• Categories
  • Archives

Brazil’s Vivo Teams Up With ReCellular to Save Cell Phones from Trash

US-based ReCellular, an international collector, reseller and recycler of used wireless cell phones and accessories, has entered into a two-year partnership with Vivo, the leading mobile telecommunications service provider in Brazil with almost 30% of the cell phone market in the country.

The Portugal-based Vivo serves over 28.5 million consumers and its partnership with ReCellular tries to, as they say it, "safely and securely recycle retired cell phones to ensure environmentally-friendly disposal."

"ReCellular and Vivo are partnering in one of the largest handset recycling initiatives the wireless industry has ever seen," said Charles Newman, president and CEO of ReCellular, Inc.

"Vivo’s network is the largest in the southern hemisphere, which means there is the potential to properly recycle tens of millions of cell phones."

The launch of the recycling program is set to happen in early November in 58 stores in three major cities including 15 locations in Rio de Janeiro, 11 locations in Brasilia and 32 locations in São Paulo.

The complete partnership will expand to in-store collection at up to over 4,000 collection points throughout Brazil.

Keeping as many cell phones as possible from reaching Brazil’s landfills or polluting its environment is the main objective for the program. 

Once the cell phones are received by ReCellular, they will be put through the Cell Phone Data Eraser program to erase all previous data stored on the phone prior to reuse.  Funds generated from the program will go to local charities in the three participating cities.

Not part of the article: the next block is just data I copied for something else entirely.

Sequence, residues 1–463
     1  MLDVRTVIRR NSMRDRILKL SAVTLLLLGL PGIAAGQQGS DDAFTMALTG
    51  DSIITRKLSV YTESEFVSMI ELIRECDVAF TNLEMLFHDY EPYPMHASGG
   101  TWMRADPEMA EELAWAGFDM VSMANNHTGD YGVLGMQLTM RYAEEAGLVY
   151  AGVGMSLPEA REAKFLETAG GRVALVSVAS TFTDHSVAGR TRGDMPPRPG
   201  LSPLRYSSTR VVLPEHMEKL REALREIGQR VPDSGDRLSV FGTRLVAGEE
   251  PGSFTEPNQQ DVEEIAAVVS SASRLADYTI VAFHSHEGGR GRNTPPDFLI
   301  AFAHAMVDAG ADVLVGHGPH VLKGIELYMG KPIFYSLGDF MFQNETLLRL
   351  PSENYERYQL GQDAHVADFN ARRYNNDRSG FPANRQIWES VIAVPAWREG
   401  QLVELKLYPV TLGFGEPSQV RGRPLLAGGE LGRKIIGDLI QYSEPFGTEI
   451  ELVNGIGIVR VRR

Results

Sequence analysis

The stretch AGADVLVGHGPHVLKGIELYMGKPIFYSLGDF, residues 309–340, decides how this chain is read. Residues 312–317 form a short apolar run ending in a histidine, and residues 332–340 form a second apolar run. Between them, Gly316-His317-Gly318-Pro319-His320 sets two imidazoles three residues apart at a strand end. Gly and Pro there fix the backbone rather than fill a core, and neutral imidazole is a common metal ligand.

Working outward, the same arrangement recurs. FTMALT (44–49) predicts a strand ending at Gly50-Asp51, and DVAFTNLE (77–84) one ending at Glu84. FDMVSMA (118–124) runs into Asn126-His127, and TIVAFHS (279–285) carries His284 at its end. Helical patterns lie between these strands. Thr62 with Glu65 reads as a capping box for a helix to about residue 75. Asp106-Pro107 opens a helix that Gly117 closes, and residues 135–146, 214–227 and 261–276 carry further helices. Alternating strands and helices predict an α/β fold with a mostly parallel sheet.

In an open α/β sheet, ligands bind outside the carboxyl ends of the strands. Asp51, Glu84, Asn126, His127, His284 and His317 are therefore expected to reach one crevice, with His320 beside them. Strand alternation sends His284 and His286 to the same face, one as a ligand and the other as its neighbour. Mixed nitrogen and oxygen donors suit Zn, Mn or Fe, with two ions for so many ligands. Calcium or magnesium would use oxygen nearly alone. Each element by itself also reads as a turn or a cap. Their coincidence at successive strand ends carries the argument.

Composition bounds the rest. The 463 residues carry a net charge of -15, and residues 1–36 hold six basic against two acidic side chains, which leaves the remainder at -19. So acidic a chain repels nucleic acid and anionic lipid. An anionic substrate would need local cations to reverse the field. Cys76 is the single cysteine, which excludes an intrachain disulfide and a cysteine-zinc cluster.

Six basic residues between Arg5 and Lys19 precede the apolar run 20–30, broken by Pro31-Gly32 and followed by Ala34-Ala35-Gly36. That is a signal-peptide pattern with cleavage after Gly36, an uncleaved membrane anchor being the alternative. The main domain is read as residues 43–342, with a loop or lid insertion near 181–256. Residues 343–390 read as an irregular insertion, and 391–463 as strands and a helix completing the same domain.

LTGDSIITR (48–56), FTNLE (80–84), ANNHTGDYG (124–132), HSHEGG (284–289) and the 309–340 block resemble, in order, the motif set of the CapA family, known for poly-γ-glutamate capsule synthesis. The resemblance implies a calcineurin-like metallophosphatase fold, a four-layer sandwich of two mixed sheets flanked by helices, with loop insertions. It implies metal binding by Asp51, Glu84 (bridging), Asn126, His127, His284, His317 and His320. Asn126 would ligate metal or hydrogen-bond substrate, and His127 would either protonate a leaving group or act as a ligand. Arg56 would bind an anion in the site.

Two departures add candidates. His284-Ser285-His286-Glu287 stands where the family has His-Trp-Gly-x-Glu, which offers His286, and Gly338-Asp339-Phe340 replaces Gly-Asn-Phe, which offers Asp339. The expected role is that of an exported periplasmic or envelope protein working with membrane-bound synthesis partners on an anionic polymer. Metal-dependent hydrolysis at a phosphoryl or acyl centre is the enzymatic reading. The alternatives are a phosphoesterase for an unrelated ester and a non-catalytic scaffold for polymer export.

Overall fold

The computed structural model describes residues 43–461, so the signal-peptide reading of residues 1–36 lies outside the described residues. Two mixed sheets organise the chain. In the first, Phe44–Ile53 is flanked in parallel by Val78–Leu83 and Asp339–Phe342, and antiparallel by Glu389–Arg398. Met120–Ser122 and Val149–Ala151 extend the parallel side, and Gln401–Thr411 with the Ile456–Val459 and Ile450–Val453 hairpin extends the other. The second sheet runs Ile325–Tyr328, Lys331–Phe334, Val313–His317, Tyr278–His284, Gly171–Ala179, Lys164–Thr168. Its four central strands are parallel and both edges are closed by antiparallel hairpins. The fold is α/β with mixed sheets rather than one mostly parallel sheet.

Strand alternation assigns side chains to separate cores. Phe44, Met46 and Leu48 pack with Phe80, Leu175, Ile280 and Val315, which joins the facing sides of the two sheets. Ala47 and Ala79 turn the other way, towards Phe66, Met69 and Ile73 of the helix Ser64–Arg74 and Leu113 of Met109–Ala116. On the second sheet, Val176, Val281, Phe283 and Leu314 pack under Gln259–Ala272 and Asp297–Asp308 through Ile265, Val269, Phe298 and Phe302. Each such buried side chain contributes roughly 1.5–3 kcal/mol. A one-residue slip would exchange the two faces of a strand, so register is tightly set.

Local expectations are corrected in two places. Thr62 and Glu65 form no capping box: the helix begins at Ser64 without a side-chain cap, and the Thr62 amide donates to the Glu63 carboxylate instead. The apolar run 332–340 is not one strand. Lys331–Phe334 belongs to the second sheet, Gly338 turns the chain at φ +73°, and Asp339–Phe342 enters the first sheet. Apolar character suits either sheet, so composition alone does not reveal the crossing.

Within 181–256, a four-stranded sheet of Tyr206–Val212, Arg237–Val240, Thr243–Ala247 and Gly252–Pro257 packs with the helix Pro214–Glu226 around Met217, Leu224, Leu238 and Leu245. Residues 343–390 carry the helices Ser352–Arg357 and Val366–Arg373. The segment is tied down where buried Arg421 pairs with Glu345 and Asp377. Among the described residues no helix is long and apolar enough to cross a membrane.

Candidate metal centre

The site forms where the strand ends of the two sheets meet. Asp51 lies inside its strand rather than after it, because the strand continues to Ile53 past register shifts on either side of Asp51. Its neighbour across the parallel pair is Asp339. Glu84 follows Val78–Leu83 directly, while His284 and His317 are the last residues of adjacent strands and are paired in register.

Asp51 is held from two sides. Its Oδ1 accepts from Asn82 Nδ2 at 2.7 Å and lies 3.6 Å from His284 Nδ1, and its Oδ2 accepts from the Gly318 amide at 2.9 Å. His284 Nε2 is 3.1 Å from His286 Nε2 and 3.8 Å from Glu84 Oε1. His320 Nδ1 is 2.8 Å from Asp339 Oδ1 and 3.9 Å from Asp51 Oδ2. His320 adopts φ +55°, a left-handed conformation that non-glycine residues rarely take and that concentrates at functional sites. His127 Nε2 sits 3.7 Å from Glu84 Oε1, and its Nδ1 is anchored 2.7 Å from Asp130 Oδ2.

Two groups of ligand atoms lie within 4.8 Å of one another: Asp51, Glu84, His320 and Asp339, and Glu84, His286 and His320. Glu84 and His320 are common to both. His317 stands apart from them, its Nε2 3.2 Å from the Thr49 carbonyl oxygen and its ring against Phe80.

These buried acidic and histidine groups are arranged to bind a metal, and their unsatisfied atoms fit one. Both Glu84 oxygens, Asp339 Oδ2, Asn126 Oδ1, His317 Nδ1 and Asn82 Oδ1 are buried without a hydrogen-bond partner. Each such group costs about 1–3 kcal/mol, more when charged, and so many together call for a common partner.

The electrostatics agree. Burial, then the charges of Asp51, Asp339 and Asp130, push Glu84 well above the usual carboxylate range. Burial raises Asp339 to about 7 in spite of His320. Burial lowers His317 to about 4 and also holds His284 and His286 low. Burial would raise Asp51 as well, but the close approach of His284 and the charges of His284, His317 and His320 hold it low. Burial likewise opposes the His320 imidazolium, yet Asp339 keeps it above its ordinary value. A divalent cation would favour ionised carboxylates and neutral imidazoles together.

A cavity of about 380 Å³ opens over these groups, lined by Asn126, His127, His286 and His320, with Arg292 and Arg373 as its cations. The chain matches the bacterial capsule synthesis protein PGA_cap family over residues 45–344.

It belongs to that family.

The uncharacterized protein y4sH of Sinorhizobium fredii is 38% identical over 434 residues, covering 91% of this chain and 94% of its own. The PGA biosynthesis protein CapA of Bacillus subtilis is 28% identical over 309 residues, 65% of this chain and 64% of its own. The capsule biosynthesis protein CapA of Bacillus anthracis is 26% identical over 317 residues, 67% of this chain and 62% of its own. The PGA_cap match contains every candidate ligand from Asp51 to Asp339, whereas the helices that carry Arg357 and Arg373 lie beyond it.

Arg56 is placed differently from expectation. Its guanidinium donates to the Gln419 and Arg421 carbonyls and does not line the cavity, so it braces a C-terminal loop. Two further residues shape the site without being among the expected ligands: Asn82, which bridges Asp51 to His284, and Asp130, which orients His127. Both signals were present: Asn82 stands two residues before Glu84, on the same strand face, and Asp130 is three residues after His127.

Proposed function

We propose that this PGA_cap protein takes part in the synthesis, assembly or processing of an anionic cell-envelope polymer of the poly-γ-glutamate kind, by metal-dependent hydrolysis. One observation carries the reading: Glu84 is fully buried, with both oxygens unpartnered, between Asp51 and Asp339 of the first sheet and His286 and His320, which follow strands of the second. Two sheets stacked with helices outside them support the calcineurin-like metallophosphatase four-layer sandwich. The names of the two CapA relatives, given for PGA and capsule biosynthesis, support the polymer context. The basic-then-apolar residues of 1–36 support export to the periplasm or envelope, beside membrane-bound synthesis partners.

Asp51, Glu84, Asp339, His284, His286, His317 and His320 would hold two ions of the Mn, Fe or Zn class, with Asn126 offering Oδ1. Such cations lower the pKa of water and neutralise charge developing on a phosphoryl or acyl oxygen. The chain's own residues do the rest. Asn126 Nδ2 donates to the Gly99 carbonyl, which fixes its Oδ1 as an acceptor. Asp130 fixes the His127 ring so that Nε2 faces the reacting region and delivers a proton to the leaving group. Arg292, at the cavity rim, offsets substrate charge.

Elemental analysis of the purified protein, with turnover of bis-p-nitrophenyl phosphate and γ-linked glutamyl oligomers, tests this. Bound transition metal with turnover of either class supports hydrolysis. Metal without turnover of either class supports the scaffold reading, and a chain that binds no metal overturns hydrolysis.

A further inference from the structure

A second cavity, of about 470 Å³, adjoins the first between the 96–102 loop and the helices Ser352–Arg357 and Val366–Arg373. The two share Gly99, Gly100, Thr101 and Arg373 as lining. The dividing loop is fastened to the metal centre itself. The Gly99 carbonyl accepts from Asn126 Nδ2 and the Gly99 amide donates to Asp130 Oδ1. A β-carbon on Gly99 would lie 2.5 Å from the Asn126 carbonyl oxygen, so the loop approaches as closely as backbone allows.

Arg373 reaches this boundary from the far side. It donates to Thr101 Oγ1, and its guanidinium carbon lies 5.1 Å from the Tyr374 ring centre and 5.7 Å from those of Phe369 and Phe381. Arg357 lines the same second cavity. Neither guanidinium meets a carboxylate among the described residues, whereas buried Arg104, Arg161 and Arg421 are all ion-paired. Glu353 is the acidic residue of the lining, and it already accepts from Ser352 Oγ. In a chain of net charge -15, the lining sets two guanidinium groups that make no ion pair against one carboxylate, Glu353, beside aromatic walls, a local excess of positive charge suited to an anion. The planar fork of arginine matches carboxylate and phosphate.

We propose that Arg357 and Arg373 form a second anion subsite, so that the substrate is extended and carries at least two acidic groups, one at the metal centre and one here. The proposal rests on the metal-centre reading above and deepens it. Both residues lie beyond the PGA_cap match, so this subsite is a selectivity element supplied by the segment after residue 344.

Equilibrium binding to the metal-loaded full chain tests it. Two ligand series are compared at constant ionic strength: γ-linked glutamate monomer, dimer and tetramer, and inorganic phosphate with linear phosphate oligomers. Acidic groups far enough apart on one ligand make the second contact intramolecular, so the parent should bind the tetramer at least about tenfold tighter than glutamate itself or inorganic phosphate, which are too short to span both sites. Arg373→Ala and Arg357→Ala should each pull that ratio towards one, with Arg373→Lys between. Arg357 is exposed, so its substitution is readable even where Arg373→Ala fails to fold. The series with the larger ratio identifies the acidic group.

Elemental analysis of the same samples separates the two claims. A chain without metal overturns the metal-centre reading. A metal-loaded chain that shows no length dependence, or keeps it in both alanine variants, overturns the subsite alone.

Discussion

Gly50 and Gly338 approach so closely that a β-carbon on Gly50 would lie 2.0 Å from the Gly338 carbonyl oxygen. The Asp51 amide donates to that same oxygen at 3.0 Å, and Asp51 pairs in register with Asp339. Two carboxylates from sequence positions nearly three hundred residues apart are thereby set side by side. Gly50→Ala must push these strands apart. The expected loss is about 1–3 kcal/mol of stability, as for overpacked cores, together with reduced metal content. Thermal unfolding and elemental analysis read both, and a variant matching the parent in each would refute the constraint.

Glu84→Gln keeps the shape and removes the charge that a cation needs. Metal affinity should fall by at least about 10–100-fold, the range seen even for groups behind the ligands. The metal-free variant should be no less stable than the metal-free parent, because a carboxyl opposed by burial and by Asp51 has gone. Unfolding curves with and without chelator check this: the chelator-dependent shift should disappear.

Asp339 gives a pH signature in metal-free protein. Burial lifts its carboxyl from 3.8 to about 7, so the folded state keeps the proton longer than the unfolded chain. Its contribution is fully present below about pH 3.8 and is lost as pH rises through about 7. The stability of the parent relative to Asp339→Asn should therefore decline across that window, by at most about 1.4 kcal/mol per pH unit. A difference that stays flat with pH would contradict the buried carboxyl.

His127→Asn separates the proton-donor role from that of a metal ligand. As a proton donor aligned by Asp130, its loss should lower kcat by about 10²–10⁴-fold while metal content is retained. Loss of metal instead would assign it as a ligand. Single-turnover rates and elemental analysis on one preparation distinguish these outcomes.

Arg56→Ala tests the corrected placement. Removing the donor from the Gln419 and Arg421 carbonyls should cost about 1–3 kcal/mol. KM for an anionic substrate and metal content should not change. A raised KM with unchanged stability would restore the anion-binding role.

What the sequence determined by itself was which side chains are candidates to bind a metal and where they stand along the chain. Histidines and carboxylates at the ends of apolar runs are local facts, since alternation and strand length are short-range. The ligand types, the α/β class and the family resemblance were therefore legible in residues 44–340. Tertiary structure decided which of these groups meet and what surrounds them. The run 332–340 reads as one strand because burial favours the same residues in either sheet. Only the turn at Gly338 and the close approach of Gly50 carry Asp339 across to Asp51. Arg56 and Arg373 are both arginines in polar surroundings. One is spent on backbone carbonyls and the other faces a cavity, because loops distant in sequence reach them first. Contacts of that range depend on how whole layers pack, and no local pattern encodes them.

For over fifteen years, ReCellular has been working with retailers, manufacturers, charitable groups and environmental organizations to create cell phone recycling solutions that benefit the public without impacting retailers in terms of cost or effort. 

The company already collects thousands of cell phones at drop-off locations around the United States and Canada, and then reconditions the equipment for resale in developing markets where new equipment is often cost-prohibitive.

Tags:

  • Show Comments (0)

Your email address will not be published. Required fields are marked *

comment *

  • name *

  • email *

  • website *

This site uses Akismet to reduce spam. Learn how your comment data is processed.

Ads

You May Also Like

Crisis what Crisis? Brazil Exports to Arabs Jump 50%

Brazilian exports to the Arab world returned to strong growth in March. According to ...

Brazil Bank Workers Keep Strike After 6.5% Raise Offer. They Want 11%

In Brazil, the latest offer from the bankers is a salary increase of 6.5% ...

Brazilian Chancellor Goes to Africa

A delegation led by Brazil’s Minister of Foreign Relations, Celso Amorim, will visit five ...

Brazil’s Informal Market Is Up, But Sector’s Income Is Down

Between 1997 and 2003, the number of informal companies in Brazil went up from ...

Brazil’s Corruption Scandal Has Spared Lula for Now, But Government Is Paralyzed

The corruption scandal engulfing Brazil is beginning to have effects on the economy and ...

The Elite Failed Brazil: Intellectuals Don’t Think, Politicians Don’t Lead.

In 2002, the Brazilian people demonstrated their daring and clear-sightedness by electing Lula president. ...

Buoyant Lula Shows in Paris How Good Is Brazil for Foreign Investors

Speaking during a lunch with Brazilian and French business leaders in Paris where Brazil ...

Willy Herrmann

Willy Herrmann, the German Guy Who Became Brazil’s Mr. Formula Indy

What do the family of Brazil’s largest supermarket chain, a former Brazilian telenovela (soap ...

New Leadership and Gold Findings in Tapají³s, Brazil

Brazauro Resources announced the appointment of Mr. Elton Pereira as senior manager of Brazauro’s ...

Wall Street Falls, Brazil Follows Behind

Latin American markets sank amid concerns that higher interest rates in the U.S. will ...